Year of the Dawg

Actually, it’s the Year of the Rabbit, but come celebrate Lunar New Year with Garfield!


Art by Leo Carlin

Tết in Vietnamese. Chūnjié in Mandarin. Seollal in Korean. Medyanotse in Tagalog. These are all different names for Lunar New Year (LNY). Although it originated in China some 3,500 years ago, LNY is celebrated widely in other Asian countries, particularly in the East and Southeast. Unlike New Year’s Day on the Gregorian calendar, which always occurs on January 1, LNY does not occur on a fixed date; It varies depending on the Lunar calendar. 2023, the Year of the Rabbit, will start on January 22. 

In the US, LNY is not a nationally recognized holiday, making it hard for some Asian Americans to celebrate it. For the individuals whose memories of LNY depend solely on their parents’ and relatives’ recreation of the holiday, they may not know what the “original” LNY traditions are. LNY customs vary from country to country, although there are general traditions that everyone knows. During LNY, there are dragon dances, firecrackers, and red envelopes. Families gather, attend temple (if they’re religious), and feast. Food varies by country, but there is significance behind the dishes. They correspond to longevity, wealth, or good fortune. 

A common LNY superstition is sweeping your house before the holiday, to sweep out the bad luck of the old year and make way for the good luck of the new year. Some people, including Vietnamese Student Association President (VSA) Kenny Phan, dismiss LNY superstitions, while others, such as Chinese Student Association (CSA) Co-President Rebecca Dion, have a couple that are near and dear to her heart. “You’re never supposed to cut noodles in Chinese culture because it’s supposed to be the longevity of your life and if you cut them it’s like cutting off your lifeline. So usually you eat really long noodles,” Dion said. 

In preparation for LNY, the Asian-American/Native Hawaiian/Pacific Islander (AANHPI) clubs will be giving Garfield a makeover with traditional LNY decorations. VSA officer Gia Nguyen described some of the things they’re planning on using. “We’re thinking about decorating[..] with [peach blossom] branches, trees, and red lanterns. And because it’s the Year of the Rabbit right now, little rabbit themed decorations,” Nguyen said.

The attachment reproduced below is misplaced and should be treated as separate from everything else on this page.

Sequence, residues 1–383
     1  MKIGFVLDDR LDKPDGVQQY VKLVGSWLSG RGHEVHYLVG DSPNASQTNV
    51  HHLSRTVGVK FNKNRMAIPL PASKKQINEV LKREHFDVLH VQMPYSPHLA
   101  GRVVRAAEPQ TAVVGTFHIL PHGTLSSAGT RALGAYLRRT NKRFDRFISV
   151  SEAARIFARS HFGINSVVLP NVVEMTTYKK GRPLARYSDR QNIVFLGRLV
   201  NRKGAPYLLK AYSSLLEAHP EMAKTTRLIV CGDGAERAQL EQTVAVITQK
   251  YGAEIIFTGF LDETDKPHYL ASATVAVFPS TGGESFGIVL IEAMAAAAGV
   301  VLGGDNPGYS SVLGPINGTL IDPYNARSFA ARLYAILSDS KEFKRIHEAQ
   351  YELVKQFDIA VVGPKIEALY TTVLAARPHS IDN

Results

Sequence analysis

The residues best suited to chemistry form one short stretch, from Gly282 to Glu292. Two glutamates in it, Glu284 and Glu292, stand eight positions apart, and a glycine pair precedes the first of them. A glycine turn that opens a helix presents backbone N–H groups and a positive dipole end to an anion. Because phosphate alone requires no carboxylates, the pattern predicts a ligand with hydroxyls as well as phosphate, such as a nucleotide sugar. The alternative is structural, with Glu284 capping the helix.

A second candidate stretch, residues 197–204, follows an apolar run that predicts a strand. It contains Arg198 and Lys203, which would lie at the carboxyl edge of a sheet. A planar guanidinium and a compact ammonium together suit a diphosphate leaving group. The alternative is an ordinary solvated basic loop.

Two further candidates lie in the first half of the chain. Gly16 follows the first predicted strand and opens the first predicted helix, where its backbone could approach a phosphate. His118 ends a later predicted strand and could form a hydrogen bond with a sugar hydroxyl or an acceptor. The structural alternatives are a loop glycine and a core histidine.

CSA Co-President Forrest Wu also explains the significance of the color red for LNY. “Red is good. It scares off all the bad spirits,” Wu said. 

Garfield’s AANHPI clubs will be hosting a school-wide LNY celebration on January 25. “[The event is] intended to be a school-wide event largely because of the large populations of students at Garfield who celebrate Tết, who celebrate Lunar New Year, and its various forms,” Phan said. “There’ll be a bit of a potluck style. Bring your own food and we’ll just come together and have some snacks. [There’ll be a] bunch of dried fruits, that’s the traditional candy all over East Asia.”

In previous years, Garfield’s AANHPI clubs have held large parties where students participate in fun activities, such as lantern making, potlucks featuring cultural foods, and fire noodle tastings. These events aim to expose Garfield to AANHPI culture, which is their goal with the LNY celebration. “[We want to be] continuing the celebration with second generation [Asian] Americans,” Wu said.

For more information on Garfield’s AANHPI clubs and cultural events, visit the clubs’ Instagrams listed here: VSA: @garfieldvsaclub; Korean Student Association (KSA): @ksa.hq.ghs; Japanese Student Association (JSA): @garfield.jsa; CSA: @ghs_csa; South Asian Student Association (SASU): @garfieldsasu; Filipino Student Association (FSA): @ghs_fsa.